Number 2 in a series of tributes to favourite albums

2. Sloan – Navy Blues

I first heard Sloan because someone wrote a review for both Sloan’s One Chord To Another and You Am I’s Hourly Daily in the one review. The next time I ever heard of Sloan was seeing a half page ad for a new album in Drum Media. The ad, like all the band’s artwork from this era, looked fantastic. It was their nod to Saul Bass (I didn’t even know who Saul Bass was at this point) and some new single with the awesome name Money City Maniacs.

A few years later I would find out why this happened. The team of fans, publicists, managers and labels that led to this record being released locally, and actually having funding for ads. But for now, back then, I was 17 and going through the biggest exploration of rock and roll I would ever take.

It was years before I really found out more about this band, and that story involves my first real crush, the West Coast of Australia and some badly photocopied articles. But until then In would listen to this album, this wonderful 70s sounding rock album, still one of THE best sounding albums ever, and look at the photos in the center spread and wonder who these guys were.

They seemed like big nerds, but cool as hell. Jay looking great as (I would later find out) Phil Spector in Easy Rider. Jay and Patrick standing at vintage microphones, with Andrew on Headphones. Chris, my early and eternal favourite, looking just dead cool. My imagination just dug so many holes about these people. In my mind they were this huge sounding Beatles-esque rock band, with a huge sound crew and lighting rig, but they crawled into the smallest of Indie rock vans to travel the yellow lines and lonely highways.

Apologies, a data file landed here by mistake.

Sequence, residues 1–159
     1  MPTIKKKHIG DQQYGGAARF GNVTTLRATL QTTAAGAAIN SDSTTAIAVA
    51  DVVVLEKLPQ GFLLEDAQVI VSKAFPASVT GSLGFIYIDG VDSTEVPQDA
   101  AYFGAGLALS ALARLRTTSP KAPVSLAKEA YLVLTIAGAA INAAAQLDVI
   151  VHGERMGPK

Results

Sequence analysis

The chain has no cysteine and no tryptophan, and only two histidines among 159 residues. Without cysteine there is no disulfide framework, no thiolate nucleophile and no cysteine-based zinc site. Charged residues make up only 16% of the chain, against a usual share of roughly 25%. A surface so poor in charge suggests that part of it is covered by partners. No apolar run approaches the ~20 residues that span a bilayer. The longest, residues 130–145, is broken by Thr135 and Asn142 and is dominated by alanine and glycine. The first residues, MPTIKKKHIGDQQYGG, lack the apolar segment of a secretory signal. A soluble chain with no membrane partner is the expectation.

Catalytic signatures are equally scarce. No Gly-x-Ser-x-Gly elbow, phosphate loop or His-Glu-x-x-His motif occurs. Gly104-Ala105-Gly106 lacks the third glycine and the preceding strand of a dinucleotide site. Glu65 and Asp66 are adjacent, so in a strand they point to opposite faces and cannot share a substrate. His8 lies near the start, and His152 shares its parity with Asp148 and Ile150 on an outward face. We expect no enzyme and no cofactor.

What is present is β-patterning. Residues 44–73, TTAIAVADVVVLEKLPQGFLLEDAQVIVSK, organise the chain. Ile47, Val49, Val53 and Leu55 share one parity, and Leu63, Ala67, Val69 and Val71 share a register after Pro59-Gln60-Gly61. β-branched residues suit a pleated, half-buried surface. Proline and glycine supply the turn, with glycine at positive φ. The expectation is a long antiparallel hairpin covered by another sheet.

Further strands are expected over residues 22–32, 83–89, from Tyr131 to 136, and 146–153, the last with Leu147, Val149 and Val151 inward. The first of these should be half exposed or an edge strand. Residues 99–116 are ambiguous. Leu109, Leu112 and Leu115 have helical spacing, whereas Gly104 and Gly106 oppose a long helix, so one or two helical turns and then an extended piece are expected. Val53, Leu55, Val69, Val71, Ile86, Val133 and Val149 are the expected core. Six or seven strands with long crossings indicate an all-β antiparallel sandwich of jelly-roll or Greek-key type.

This record has so much detail, and this band had such a profound influence on me (both politically, philosphically and guitar wise), but it’s important I think to note I loved this album before I found out the lyrics of Iggy And Angus is made up by Stooges songs, that Jay was the one who played the Rhodes heavy Queen like numbers, or that the cool piano sound was a Rhodes at all.

Almost all my rock and roll fantasies are wrapped up in this album. Looking back I think it put a ceiling on my ambitions. but listen to the high harmonies! The studio trickery! The guitar wooshes. You could make records that sounded like million selling Kiss albums, on an indie label. To this day, more than any other band, I would love to be in Sloan.

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